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KIN by Miljenko Jergović Kirkus Star


by Miljenko Jergović ; translated by Russell Scott Valentino

Pub Date: June 15th, 2021
ISBN: 978-1-939810-52-6
Publisher: Archipelago

Vast, generous-spirited story of family across the face of the 20th century in the turbulent Balkans.

“Around the subject of my elder uncle there was silence.” So writes the prolific Bosnia-born Croatian journalist, novelist, and poet Jergović at the beginning of this epic. That silence, born of an accident of history and bloodlines, surrounds much of his family in this blend of memoir and fiction. (It is seldom clear where fact shades into invention.) The uncle’s maternal grandfather, Jergović’s great-grandfather, was an ethnic German who spoke only German to his children, and although his Croatian and Slovene sons-in-law spoke German fluently, he spoke to them only in their languages. Fastidious about his Germanness and the difference of others, that great-grandfather nonetheless stood alongside Jews, Turks, Croatians, Hungarians, Bulgarians, and all the other diverse people who made up the population of Sarajevo; during World War II, when those ethnic distinctions were made matters of life and death, he sheltered his neighbors from the Croatian fascists, the Ustaše, “not primarily because he was a good and unselfish man, but because they were an important part of his own world.” In short, Opapa couldn’t imagine a monocultural life. Jergović himself, old enough to remember life in socialist Yugoslavia before it splintered in civil war, recounts being breastfed at birth by “an unknown Muslim woman,” further evidence of universality in a time of ethnic hatred. Jergović’s pages are peppered with walk-ons from Bosnian, Serbian, and Croatian history, such as a feared interrogator who, after retiring, “had a small house with a large garden full of roses, which he cared for himself, breeding some and buying others from various parts of the world.” Even monsters, it seems, are susceptible to beauty. There is beauty aplenty, and ample monstrosity, in Jergović’s account, as well as many moments of mystery: a beekeeper’s coded journal, the alpenglow that surrounds Sarajevo as surely as a besieging army, the “living torment” that is existence, all come under Jergović’s empathetic eye.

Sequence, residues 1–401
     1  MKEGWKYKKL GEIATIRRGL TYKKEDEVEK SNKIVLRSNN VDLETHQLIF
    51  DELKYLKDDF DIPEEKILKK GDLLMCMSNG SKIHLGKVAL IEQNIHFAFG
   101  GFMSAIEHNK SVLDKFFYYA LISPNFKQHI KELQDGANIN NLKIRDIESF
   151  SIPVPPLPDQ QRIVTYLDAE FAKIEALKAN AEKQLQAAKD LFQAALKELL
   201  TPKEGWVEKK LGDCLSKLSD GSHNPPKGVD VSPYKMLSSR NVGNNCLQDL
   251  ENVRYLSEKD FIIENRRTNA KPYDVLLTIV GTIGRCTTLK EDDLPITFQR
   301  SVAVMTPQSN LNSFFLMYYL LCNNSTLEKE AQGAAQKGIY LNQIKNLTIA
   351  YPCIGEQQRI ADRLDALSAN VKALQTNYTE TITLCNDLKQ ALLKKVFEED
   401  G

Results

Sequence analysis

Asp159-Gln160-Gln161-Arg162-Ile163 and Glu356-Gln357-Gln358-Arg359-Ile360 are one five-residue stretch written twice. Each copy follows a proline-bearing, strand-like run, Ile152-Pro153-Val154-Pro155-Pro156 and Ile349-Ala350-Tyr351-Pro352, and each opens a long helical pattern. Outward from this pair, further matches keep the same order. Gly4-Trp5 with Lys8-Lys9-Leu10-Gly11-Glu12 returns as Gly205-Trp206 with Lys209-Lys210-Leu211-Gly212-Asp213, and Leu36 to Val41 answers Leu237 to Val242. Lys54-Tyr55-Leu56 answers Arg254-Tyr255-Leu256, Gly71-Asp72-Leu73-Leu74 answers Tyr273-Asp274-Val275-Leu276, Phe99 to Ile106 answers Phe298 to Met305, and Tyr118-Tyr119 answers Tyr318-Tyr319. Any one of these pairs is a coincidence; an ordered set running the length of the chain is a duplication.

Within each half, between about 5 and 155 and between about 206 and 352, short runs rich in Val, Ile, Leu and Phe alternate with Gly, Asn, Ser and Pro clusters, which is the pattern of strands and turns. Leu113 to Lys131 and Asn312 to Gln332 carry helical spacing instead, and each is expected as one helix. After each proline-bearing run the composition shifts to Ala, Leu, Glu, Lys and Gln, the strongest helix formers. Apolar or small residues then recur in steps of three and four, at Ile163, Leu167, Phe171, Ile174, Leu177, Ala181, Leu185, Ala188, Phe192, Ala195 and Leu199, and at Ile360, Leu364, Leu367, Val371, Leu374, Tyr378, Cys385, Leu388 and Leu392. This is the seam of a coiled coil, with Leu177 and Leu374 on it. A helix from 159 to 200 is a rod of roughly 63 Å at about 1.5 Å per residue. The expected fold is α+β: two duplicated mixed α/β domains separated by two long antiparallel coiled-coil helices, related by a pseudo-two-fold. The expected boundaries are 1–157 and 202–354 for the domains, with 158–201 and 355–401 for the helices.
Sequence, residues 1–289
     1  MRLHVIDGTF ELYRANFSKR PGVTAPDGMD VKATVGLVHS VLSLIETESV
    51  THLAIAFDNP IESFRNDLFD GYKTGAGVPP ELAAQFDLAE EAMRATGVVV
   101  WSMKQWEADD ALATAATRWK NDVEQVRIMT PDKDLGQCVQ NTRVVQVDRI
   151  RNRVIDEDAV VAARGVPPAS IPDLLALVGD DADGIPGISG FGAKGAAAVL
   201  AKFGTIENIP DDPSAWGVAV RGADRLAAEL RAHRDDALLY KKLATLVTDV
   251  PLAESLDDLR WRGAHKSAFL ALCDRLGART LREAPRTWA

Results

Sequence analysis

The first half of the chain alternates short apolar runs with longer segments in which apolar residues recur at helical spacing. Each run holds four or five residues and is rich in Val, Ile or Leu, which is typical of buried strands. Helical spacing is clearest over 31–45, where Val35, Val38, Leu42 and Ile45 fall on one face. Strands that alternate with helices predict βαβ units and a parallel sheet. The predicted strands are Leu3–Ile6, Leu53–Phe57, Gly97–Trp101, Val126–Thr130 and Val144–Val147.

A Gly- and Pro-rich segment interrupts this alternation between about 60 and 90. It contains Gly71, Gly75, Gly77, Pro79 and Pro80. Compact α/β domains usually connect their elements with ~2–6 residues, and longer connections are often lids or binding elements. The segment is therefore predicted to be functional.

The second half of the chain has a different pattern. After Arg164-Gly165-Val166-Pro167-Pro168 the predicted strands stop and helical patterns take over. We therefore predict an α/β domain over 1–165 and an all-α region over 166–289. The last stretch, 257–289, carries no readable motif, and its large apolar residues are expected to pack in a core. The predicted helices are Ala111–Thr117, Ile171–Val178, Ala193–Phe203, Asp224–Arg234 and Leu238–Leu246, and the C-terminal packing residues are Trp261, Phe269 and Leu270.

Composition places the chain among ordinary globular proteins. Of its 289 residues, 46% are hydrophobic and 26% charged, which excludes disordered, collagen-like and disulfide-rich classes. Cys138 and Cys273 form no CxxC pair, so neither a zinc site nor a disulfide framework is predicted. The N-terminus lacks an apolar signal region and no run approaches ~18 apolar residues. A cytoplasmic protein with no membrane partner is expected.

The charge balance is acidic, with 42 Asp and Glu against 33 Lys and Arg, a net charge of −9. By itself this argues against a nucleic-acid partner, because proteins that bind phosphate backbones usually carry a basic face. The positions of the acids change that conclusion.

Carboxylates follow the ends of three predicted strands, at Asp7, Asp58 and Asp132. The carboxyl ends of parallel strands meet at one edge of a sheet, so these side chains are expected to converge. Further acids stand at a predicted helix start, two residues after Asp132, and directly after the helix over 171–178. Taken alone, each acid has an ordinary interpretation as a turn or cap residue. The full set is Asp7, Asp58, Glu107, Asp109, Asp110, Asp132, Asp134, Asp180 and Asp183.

A masterwork of modern European letters that should earn the author a wide readership outside his homeland.